• Think in scenarios – have a "Plan B". After creating transparency about the status in the supply chain and your own production network, it is necessary to establish end-to-end scenarios for critical value chains and to evaluate them from the perspective of a "Plan B". From our experience, the following elements have to be taken into account for the timing and phases of ramp-up when developing best case, base case and worst case scenarios:
    • Expected sales development by region and resulting demands
    • Necessary capacities of own and supplier production in order to supply the regions
    • Staff structure and requirements (internal/external)
    • Required inventories in the supply chain and value chain
    • Reaction lever
  • Select the appropriate level of detail for your scenarios. You are not aiming at a 100% simulation but at a rough, albeit meaningful, impact analysis that allows the derivation of pragmatic and quickly implementable measures, in order to ensure the restart. We have extensive experience in this matter and can quickly start together with your team.
  • Make scenarios tangible – underpin them with measures. Subsequently, define measures for your own production network like moving orders to other plants until a COVID-19 affected plant can restart, building up stock, balancing of stocks between plants. Scenarios for stabilizing critical supply chains have to be developed accordingly, for example by relocating production to other supplier locations, taking stock build-up and possibly higher logistics costs into consideration. Scenarios for launches of new products that are massively affected by COVID-19 are to be supplemented. Possible launch postponements due to, for example, a lack of available tools or disruptions in delivery have to be evaluated as well, based on the influence of the crisis on plans of sales, and their effects need to be taken into account in the above scenarios.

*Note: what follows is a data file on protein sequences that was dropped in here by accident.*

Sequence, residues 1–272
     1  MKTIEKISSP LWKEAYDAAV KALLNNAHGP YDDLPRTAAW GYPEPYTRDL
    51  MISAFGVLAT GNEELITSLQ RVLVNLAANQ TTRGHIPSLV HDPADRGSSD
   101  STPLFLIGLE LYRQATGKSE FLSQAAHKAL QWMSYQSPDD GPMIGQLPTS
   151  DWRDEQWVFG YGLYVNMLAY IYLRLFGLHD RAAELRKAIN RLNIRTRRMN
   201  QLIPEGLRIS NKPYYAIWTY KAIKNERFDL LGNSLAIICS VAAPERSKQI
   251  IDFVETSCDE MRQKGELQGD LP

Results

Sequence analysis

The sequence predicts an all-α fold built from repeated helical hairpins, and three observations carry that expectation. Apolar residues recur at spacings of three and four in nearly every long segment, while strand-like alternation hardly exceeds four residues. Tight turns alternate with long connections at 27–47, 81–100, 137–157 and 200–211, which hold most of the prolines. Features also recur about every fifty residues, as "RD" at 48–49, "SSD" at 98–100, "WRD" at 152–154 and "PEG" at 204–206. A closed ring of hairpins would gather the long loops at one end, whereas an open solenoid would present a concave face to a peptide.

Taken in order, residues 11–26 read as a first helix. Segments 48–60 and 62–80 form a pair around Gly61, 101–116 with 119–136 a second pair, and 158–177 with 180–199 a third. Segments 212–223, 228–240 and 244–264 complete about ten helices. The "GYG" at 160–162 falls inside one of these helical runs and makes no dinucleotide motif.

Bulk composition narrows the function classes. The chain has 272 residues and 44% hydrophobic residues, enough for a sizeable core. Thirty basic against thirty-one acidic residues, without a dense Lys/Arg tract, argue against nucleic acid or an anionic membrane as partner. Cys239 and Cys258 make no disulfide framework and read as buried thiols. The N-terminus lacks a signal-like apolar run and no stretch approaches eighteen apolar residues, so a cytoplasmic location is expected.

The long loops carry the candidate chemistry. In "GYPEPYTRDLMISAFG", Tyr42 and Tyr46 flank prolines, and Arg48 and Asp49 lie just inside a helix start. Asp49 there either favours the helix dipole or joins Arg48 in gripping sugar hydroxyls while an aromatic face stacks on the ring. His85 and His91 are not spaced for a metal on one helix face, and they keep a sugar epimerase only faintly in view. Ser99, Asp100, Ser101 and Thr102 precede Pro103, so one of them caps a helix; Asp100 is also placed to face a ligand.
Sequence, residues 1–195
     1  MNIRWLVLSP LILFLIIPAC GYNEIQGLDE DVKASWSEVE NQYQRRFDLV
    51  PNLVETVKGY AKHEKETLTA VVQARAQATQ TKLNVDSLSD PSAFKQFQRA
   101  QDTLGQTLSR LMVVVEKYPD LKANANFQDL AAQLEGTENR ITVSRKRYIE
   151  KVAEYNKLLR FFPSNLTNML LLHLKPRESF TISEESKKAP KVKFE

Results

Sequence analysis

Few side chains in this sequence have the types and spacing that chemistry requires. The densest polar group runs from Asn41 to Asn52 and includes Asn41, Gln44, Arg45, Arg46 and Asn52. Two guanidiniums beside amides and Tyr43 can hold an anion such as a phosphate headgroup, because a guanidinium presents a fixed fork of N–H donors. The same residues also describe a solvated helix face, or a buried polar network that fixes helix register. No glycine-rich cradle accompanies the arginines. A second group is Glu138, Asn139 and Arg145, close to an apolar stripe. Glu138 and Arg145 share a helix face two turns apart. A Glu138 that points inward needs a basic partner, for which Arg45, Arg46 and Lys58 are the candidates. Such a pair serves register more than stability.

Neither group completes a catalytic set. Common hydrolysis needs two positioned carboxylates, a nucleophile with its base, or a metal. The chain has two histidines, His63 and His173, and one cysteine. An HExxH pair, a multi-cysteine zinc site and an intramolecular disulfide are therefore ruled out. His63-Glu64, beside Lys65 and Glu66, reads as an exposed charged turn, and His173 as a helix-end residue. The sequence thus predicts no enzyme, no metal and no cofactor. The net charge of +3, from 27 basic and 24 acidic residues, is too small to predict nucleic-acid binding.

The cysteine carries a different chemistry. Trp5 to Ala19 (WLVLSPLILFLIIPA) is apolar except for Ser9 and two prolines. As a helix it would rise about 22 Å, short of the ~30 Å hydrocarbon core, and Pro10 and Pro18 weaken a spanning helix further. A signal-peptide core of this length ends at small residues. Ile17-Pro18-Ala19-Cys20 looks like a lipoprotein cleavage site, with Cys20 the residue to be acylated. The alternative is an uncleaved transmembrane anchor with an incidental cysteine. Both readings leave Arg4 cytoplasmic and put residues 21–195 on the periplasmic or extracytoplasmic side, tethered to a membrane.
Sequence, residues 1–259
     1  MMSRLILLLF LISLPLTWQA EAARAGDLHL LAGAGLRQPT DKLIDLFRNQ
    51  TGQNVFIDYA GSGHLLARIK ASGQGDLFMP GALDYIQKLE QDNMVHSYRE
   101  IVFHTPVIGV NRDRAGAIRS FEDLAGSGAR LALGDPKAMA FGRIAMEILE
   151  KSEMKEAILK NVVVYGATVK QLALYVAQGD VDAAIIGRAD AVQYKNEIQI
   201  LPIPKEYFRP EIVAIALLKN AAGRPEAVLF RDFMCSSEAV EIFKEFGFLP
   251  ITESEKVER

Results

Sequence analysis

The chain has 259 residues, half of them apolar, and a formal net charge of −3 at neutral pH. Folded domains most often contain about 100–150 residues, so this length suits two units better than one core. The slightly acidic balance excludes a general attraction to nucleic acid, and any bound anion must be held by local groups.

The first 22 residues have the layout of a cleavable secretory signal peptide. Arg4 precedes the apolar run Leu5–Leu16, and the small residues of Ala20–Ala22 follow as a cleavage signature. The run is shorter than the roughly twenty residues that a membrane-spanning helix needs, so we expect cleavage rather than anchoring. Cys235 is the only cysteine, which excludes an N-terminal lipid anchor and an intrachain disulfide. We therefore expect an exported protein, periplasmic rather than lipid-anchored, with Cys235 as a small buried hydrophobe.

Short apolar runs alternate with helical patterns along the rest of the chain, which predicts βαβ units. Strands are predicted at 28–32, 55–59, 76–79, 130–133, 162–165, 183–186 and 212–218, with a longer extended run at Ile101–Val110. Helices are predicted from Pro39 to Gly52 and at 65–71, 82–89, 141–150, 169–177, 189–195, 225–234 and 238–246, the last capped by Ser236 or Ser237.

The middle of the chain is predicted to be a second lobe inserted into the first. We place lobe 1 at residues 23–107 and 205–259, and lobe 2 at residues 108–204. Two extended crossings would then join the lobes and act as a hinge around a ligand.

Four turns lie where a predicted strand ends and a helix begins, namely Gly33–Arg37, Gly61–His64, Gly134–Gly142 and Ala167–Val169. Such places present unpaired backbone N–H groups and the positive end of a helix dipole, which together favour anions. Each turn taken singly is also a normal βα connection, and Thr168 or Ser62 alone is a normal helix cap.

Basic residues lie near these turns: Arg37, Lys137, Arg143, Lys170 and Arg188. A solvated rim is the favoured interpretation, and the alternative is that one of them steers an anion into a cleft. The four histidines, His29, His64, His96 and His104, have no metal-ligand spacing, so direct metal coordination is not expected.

• Transfer the scenarios into your PPC systems. An essential element and factor of success in this context is the inclusion of the scenarios in your production planning and control processes and in the parameters and core data that underpin them, for example, by adjusting planning cycles, safety stocks or target coverage.


ROI-EFESO has many years of experience and highly specialized instruments for identifying and assessing supply chain risks. Contact us for fast and pragmatic support with your supply chain challenge.

Your contact persons

Michael Jung
Ralf Bechmann
Helmut Wirtz



Creating transparency about the possible course of the crisis and its effects on the company

Value & Use Cases

Ensure the vitality of the core organisation, secure liquidity and maintain the ability to act

IoT - IoT-Architektur

Set up task force, perform supply chain risk assessment, plan ramp-up scenarios


Ensure fast and error-free ramp-up through actionable task forces


Re-balancing E2E supply chains and sustainably anchoring "minimum viable processes" that have proven themselves in the crisis


Prepare the organization for a world of recurring shocks and disruptions